EXPLOITATION BY STACY M AMEWOYI
Children were asked to identify each flavor of drinks that were of different colors of the rainbow. The interesting part that exposes built in perception was when they were asked to guess the flavors based on color.
The kids made predictions like “the red one is cherry or strawberry, the colored drink was orange, the green was apple and some said broccoli. One kid went further to say, she bet it tasted bitter.
This according to her understanding, is associated with greens which are healthy and health means bitterness. These children had no idea all the drinks were the same and that they were just colored.
Surprisingly, even when they tasted it, they still stuck with their initial predictions. This really goes to show that, through repetitive conditioning, our brains make associations that ultimate shape how we feel concerning anything; especially food and toys when it comes to kids.
With that being said, its easy to understand why the children gravitated towards the food covered in McDonald’s wrappers. The truth is that, big companies like fast food chains and toy companies have worked with psychologists to better adverts food and products to consumers.
I firmly believe that, there is a direct correlation between how brands are marketed and the influence it has on people in the case of children. I would like to also add that kids easily get attached to brands that they are exposed to.
Therefore, even if a brand has better products, they will still prefer the one they rae used to. I guess you can say there is safety in familiarity. Everything I have said here is partly based on what I have experienced personally and what I have observed over time.
To exploit someone is to take unfair advantage of them. It is to use another person’s vulnerability for one’s own benefit. Of course, benefitting from another’s vulnerability is not always morally wrong.
We do not condemn a chess player for exploiting a weakness in his opponent’s defense, for instance. But some forms of advantage-taking do seem to be clearly wrong, and it is this normative sense of exploitation that is of primary interest to moral and political philosophers.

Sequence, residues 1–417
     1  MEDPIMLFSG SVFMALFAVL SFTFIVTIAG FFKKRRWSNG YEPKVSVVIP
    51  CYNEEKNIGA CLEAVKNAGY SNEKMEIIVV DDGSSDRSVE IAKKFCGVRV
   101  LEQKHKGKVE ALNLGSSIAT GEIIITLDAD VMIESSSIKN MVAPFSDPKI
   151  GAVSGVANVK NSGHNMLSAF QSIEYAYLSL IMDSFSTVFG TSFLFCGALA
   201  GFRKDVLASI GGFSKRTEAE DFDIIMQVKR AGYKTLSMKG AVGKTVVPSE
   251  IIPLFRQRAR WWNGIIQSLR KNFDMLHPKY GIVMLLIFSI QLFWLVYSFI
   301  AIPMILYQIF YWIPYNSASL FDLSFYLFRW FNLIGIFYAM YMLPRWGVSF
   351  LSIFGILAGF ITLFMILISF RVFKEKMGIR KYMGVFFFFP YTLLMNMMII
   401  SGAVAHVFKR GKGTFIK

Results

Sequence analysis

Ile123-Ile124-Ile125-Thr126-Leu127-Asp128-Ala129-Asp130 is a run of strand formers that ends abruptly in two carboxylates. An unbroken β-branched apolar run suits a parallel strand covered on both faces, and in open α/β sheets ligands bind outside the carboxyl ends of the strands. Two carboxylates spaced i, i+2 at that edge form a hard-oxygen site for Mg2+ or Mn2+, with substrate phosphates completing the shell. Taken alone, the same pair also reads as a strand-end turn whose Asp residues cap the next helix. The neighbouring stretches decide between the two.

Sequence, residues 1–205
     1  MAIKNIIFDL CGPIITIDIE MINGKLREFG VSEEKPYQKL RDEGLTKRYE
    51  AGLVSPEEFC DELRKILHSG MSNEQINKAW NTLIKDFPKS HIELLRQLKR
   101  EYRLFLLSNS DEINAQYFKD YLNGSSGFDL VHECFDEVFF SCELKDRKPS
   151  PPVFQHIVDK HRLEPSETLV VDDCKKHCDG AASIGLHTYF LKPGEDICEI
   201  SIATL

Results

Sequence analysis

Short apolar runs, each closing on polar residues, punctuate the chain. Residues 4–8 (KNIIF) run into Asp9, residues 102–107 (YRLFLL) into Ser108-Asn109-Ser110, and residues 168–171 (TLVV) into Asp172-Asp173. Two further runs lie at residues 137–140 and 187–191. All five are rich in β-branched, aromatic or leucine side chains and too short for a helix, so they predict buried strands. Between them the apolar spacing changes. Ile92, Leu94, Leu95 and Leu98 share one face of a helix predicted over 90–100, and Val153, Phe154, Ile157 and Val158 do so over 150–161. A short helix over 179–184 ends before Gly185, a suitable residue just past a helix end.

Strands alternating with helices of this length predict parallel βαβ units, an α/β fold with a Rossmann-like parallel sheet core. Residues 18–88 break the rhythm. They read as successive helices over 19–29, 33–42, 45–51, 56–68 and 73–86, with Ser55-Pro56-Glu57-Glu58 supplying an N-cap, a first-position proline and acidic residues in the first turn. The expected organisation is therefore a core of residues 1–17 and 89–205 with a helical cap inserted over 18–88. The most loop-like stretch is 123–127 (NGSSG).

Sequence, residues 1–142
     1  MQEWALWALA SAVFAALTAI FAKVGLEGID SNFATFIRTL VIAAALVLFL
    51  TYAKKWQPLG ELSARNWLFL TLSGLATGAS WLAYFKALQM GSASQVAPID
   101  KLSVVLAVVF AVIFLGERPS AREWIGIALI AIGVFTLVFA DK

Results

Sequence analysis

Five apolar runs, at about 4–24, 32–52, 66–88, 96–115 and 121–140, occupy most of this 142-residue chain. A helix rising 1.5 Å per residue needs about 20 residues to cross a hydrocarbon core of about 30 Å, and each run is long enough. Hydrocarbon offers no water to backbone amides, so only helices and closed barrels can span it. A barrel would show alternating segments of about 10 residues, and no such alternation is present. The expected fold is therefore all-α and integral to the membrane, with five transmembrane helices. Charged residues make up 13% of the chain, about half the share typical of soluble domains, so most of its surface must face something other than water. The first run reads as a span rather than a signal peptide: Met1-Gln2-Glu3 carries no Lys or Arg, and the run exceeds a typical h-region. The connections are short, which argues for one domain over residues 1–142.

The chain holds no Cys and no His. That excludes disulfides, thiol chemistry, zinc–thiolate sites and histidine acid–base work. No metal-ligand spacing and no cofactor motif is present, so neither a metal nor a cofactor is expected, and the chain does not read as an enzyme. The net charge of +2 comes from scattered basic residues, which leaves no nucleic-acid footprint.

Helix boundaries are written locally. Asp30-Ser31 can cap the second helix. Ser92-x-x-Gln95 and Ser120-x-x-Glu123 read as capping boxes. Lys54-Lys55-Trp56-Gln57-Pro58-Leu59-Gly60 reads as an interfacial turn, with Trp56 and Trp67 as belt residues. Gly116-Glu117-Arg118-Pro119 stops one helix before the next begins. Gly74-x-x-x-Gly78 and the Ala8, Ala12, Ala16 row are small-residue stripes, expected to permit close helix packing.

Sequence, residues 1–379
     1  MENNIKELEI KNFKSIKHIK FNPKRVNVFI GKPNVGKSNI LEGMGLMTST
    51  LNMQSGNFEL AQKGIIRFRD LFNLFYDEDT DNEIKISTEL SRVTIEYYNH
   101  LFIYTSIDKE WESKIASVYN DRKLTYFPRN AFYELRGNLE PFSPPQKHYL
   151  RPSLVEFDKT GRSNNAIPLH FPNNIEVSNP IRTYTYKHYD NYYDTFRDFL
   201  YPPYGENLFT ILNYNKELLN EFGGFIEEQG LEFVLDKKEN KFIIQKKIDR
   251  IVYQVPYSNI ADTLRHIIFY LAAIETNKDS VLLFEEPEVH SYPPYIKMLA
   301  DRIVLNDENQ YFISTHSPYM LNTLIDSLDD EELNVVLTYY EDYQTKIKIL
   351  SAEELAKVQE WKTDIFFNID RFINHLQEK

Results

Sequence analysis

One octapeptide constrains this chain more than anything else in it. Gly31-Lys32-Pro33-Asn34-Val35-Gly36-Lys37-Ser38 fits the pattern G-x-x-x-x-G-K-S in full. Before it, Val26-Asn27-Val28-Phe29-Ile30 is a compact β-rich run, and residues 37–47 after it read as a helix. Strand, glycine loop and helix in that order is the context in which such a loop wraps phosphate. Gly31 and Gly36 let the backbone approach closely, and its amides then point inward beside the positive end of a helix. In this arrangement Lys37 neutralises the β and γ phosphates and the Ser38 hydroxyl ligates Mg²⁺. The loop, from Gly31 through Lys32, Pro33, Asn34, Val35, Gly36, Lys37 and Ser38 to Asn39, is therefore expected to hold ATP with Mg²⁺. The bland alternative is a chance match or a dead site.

Exploitation can be transactional or structural. In the former case, the unfairness is a property of a discrete transaction between two or more individuals. A sweatshop that pays low wages, for example, or a pharmaceutical research firm that tests drugs on poor subjects in the developing world, might be said to exploit others in this sense.
But exploitation can also be structural a property of institutions or systems in which the “rules of the game” unfairly benefit one group of people to the detriment of another. As we will see below, Karl Marx believed that the economic and political institutions of capitalism were exploitative in this sense.
And some contemporary feminists have argued that the institution of traditional marriage is exploitative insofar as it preys upon and reinforces pernicious forms of inequality between men and women.
Exploitation can also be harmful or mutually beneficial. Harmful exploitation involves an interaction that leaves the victim worse off than she was, and then she was entitled to be.
The sort of exploitation involved in coercive sex trafficking, for instance, is harmful in this sense. But as we will see below, not all exploitation is harmful. Exploitation can also be mutually beneficial, where both parties walk away better off than they were ex ante.
What makes such mutually beneficial interactions nevertheless exploitative is that they are, in some way, unfair. It is relatively easy to come up with intuitively compelling cases of unfair, exploitative behavior.
Providing a philosophical analysis to support and develop those intuitions, however, has proven more difficult. The most obvious difficulty is specifying the conditions under which a transaction or institution may be said to be unfair.
Does the unfairness involved in exploitation necessarily involve some kind of harm to its victim? Or a violation of her moral rights? Is the unfairness involved in exploitation a matter of procedure, substance, or both?
And how, if at all, are facts about the history of the agents involved or the background conditions against which they operate relevant to assessing charges of exploitation?
John B. Watson exacted his terrible idea of attempting to prove that children can be classically conditioned to react a certain way. He referenced the condition of dogs and the logic behind his theory.
He tried to trigger a fearful reaction out of little Albert towards mice. He made a loud sound which startled the poor child. After a couple times of reinforcing that action whenever Albert decided to reach out and play with the mouse, he would react with fear because he has been conditioned to identify the mouse with fear and discomfort.
This was extremely unethical because it was a toddler, and his money probably didn’t know about this. Also, the video mentioned that he never reversed the state he put the child in so now Albert is sacred for life.